As I followed the crowd, they arrived at a courtyard, which was set up with festive tables and lots of white bows and frilly decorations. I stood on the sidelines, smiling and enjoying the happiness when someone nudged my elbow. I looked to my left and a lovely lady offered me a glass of prosecco. Maybe, just maybe, she thought I was some long-lost cousin....




I drank the wine, tried to overhear some conversations amongst all the singing and dancing, and came away with the name of the ristorante that the family would be going to that evening to continue the party. Later, I asked my friends if they knew of "Taverna del Guerrino" and they said, "Si!"... and told me it was located in the ancient tiny village of Montefioralle. We decided to go there for dinner that evening. Upon our arrival we could hear the wedding festa, which was being held outside on the back patio. The meal, not to mention the company, was simply divine.




I know if I just keep wishing hard enough this transformation could happen... in stages. No one can convince me that the events in this story happened by chance. It took wishing, a bit of staring, determination, will, and a plan. I intend to continue in my quest.




Maybe I'll try for that pony again, too.

Thursday, June 11, 2009

Enchanted TuscanyTours (or "How I Became A Tuscan Tour Guide"

It was September, 1999, when I met Franco Lombardi. My sister, Dede, and I were in Tuscany on a buying trip for her wine shop in Des Moines, Iowa. We had an appointment to meet him at his Chianti olive farm, "Podere Pornanino", which sits out in the middle of all the photos you've ever seen of the Tuscan countryside. Our Italian friends had told us he made very good oil and that's just what we wanted for the wine shop.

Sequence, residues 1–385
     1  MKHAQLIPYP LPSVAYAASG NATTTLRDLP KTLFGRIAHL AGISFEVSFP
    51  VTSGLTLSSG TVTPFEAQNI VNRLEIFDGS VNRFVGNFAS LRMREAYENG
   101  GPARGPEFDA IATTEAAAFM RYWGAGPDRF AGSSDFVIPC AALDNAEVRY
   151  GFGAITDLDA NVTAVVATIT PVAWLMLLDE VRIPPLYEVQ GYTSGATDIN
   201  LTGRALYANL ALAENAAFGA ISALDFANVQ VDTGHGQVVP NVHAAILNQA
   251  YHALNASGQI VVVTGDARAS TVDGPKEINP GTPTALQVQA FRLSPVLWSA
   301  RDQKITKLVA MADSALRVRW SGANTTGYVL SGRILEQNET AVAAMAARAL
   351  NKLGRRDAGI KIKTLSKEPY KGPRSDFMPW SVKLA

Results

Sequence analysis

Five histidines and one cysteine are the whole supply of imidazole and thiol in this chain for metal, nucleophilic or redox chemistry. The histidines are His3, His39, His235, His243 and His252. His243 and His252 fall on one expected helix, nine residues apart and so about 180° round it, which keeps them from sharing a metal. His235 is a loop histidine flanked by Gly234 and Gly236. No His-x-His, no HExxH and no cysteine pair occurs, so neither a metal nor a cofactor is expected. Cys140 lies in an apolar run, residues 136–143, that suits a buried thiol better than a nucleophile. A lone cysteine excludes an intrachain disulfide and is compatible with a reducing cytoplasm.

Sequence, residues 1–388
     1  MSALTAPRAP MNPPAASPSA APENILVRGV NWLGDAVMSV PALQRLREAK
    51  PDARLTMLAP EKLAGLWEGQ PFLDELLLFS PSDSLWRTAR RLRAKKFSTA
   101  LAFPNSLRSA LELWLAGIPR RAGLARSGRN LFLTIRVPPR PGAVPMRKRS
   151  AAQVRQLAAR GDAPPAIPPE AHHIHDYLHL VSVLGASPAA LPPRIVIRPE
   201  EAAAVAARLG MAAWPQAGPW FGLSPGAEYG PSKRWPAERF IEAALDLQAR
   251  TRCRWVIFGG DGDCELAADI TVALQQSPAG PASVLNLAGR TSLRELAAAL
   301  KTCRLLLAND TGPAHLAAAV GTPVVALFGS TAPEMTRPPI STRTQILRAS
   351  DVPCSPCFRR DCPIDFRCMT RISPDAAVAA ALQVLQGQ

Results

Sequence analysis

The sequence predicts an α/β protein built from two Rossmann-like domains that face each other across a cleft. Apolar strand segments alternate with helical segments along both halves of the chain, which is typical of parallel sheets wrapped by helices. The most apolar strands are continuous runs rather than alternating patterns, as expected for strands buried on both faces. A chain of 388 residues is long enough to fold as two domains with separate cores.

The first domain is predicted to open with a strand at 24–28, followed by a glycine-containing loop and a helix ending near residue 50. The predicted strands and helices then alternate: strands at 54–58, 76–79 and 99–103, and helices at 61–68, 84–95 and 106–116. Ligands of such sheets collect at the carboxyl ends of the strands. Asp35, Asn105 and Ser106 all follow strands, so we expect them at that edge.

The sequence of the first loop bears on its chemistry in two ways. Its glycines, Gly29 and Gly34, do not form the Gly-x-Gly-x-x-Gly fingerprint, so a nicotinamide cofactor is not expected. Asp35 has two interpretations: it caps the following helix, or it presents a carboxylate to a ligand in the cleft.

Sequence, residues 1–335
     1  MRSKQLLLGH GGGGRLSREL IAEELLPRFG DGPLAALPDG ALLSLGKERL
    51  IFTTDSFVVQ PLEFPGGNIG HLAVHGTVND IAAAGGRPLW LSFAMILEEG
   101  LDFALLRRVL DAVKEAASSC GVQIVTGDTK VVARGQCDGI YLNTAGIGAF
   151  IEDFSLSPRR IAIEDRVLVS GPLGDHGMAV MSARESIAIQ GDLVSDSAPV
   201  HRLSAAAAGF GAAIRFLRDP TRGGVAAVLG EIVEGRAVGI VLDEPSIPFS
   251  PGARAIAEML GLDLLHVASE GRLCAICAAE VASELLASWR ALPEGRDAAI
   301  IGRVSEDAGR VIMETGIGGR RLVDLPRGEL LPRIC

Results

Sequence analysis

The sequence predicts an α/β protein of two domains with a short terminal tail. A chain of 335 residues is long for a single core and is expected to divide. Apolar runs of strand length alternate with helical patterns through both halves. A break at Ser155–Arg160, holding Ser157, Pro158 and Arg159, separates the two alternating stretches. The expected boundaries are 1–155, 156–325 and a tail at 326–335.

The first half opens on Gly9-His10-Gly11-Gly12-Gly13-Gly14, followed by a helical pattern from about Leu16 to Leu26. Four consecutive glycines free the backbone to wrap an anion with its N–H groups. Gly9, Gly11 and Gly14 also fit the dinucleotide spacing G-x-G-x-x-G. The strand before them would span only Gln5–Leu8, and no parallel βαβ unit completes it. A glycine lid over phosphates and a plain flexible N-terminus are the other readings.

I was impressed with Franco as soon as we met. He was the epitome of the Italian man.... he swaggered... he was egotistic, witty, and charming. He was 60 years old, a retired civil engineer who had lived in other countries during his career and, when he retired, he purchased a place in Chianti that just happened to have a few thousand olive trees.
(www.oliveoil.chiantionline.com)

And he was absolutely passionate about making olive oil. His efforts began as a quest to make a good oil for family and friends. That effort has morphed into world wide notoriety. He used the old world method of picking the olives by hand and continues to do so to this day.

That beautiful afternoon, as we sat outside, drank wine, and ate olives, the more I learned about his passion and his goal towards excellence.

That meeting was the start of a beautiful friendship, which led to the start of my tour business. At some point, Franco said, "You enjoy Tuscany so much and seem to know quite a lot about it. Why do you not bring others with you?"

At the time, I was a Director of Nursing, and contrary to previous DON positions, I was actually enjoying this job. However, fate intervened in May of 2001, after receiving a glowing evaluation 3 weeks earlier (a little back-patting here.... I instigated a "customer satisfaction" program that raised all hospital department scores within a 3-month period), I was told my job "was being eliminated". This was not true since a hospital cannot function without a DON. The truth was that the CEO, who I helped hire and who needed dental work, did not want to pay my salary any longer and I, not the job, was being eliminated. In his squinty little eyes, I cost too much.